Forster Memorial Park in South East London

Forster Memorial Park in South East London is another of the surprising and hidden parks in South East London. It lies behind busy main roads and affords peace and quiet to local residents. And unusually it has the remains of Ancient Woodlands as well.

History of the park

London Gardens Online tells us that ‘…The land for the park was given to the people of Lewisham in 1919 by H W Forster, later Lord Forster, first MP for the Borough of Bromley and Governor-General of Australia from 1920-25. The Forsters had lived at Southend Hall since the early C19th and had a large estate in what was then a rural area. Mr Forster donated the land [in 1919] in memory of his 2 sons, killed in WWI, and Forster Memorial Park was opened in 1922 by his daughter. The park was expanded in 1937 when land to the north was purchased from the Forster Estate Company…’.

OS Survey Map 1892-1914,

This area remained countryside into the 1920s when building started to create the Downham Estate. See photographs on the Lewisham Borough Archives, and here.

The Park today

Today the park covers 17 hectares or 42 acres.

The Ancient Woodlands

A densely wooded area runs alongside Longhill Road, and on the opposite side of the park, along Conisburgh Crescent. This park is unusual in that these are ancient woodlands. According to The Woodland Trust this means: ‘…areas of woodland that have persisted since 1600 in England and Wales, and 1750 in Scotland. This is when maps started to be reasonably accurate so we can tell that these areas have had tree cover for hundreds of years. They are relatively undisturbed by human development. As a result, they are unique and complex communities of plants, fungi, insects and other microorganisms…’.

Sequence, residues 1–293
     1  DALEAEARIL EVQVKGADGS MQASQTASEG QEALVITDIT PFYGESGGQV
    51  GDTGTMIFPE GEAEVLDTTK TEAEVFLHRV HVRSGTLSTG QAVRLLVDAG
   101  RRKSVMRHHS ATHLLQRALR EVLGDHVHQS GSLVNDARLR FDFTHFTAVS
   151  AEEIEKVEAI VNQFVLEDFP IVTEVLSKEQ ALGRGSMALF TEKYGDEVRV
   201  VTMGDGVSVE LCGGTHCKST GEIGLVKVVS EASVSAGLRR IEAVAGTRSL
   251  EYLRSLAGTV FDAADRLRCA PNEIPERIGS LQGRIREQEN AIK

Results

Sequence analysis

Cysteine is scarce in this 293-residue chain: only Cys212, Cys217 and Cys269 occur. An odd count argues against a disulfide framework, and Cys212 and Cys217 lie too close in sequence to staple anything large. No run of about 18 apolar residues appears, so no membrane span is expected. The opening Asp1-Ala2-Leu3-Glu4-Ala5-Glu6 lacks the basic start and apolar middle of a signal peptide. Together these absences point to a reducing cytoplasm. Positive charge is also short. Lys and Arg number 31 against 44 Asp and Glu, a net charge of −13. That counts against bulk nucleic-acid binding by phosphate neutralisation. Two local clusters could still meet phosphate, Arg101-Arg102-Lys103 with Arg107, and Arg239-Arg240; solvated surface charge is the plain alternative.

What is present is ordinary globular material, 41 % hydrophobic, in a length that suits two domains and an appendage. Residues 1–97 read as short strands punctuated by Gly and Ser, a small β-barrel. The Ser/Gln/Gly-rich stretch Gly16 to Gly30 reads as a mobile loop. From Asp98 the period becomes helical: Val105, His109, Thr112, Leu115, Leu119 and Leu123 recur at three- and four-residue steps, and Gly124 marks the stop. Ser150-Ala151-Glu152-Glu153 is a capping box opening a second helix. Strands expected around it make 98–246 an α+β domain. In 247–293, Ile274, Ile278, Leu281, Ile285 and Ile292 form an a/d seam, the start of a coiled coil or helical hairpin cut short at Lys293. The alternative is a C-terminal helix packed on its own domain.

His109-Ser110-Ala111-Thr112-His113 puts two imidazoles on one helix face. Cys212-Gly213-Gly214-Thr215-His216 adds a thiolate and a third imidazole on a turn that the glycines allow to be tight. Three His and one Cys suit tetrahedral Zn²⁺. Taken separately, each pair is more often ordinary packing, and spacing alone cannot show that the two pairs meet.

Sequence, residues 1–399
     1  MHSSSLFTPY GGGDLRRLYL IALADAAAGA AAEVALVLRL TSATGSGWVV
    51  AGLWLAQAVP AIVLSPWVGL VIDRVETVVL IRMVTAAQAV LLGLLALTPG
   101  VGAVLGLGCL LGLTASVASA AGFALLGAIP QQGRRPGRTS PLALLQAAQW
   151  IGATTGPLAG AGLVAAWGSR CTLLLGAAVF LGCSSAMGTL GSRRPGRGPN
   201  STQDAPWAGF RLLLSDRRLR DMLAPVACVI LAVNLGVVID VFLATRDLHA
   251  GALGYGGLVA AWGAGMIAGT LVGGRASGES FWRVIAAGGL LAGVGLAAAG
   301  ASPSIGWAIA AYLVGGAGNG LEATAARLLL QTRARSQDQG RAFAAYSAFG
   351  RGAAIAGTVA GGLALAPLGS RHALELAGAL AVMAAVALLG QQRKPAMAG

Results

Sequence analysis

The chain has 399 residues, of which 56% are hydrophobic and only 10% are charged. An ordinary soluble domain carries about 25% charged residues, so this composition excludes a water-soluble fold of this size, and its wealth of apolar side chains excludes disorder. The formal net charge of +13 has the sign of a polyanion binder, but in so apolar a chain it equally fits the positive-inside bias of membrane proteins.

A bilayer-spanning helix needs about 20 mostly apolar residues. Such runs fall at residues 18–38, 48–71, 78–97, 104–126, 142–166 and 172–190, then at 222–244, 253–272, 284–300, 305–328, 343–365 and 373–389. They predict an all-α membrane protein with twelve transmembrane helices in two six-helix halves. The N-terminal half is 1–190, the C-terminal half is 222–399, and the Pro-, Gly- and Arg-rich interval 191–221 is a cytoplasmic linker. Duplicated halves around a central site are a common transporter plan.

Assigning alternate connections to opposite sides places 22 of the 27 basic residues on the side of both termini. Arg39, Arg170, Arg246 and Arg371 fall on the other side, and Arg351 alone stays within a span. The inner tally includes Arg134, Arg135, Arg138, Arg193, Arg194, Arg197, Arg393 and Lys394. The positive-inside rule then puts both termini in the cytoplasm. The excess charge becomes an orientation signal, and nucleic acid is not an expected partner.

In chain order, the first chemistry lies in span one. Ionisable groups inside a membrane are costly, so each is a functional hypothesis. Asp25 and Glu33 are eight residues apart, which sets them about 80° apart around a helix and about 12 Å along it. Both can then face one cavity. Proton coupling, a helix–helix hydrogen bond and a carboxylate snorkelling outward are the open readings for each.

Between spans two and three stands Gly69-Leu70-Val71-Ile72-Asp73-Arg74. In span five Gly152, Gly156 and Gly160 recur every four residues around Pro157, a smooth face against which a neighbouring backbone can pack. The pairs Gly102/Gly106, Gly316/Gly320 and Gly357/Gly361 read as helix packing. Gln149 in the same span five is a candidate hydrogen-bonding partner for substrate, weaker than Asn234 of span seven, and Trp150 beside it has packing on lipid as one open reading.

Forster Memorial Park in South East London
Woodlands parallel to Longhill Road
Forster Memorial Park alongside Longhill Road
Forster Memorial Park in South East London
Ancient woodlands in Forster Memorial Park

Woods continue along the boundary with the Prendergast Girls’ School playing fields.

And the other area of Ancient Woodland is alongside Conisburgh Lane.

Oak trees in Forster Memorial Park in South East London
Oak Trees
Very large Oak Tree

There is a surprising area of pine trees on the north side of Piggy Island.

Pine trees in Forster Memorial Park in South East London
Pine trees

An outdoor learning centre

The ‘Outdoor Learning Centre’ is a fenced space near the entrance on Whitefoot Lane.

Piggy Island & The Orchard

Trees surround ‘Piggy Island’ which is an open grassed area today. But when Forster Memorial Park was still farmland it was a piggery. I assume that ‘The Orchard’ has a similar history.

‘Piggy Island’
The Orchard

The gated park

This is the large green space between Piggy Island and the Meadow. It is a sloping, grassed area, with a variety of trees, and a family were enjoying a quiet picnic when I visited.

The Meadow

The Meadow is a wild area which hides between the trees along Whitefoot Lane, and a section of the original Lane, now a footpath inside the park.


Formal bedding

LGO speaks of ‘…some areas of formal bedding [and] a rockery..’ in 2012. There is still a colourful bed of annuals at the main entrance from Whitefoot Lane, and some uninteresting and neglected rose beds on the far side of the central grassed area and at the entrance from Bellingham Road. These features, and the ‘rockeries’, are not really features of the park, where the trees and wilder areas are more interesting.

Formal bedding near the entrance on Whitefoot Lane
A rockery near the entrance from Bellingham Road

Exercice Areas

LGO tells me that ‘…The park, which at one time had a paddling pool and pitch and putt, now provides a skate park, BMX track and new playgrounds…’. I couldn’t find the skate park or BMX track, but there are play areas for children of different ages, an outdoor table tennis table, and practice pitch for basketball.

The central area of grassland

This wide open area looks like a field which has been cleared in the middle of woodlands.

Forster Memorial Park in South East London is another of the wonderful and surprising green spaces hidden amongst the streets of continuous housing, and providing exercice and relaxation opportunities for local residents. And this is the view of Central London from the entrance off Bellingham Road!

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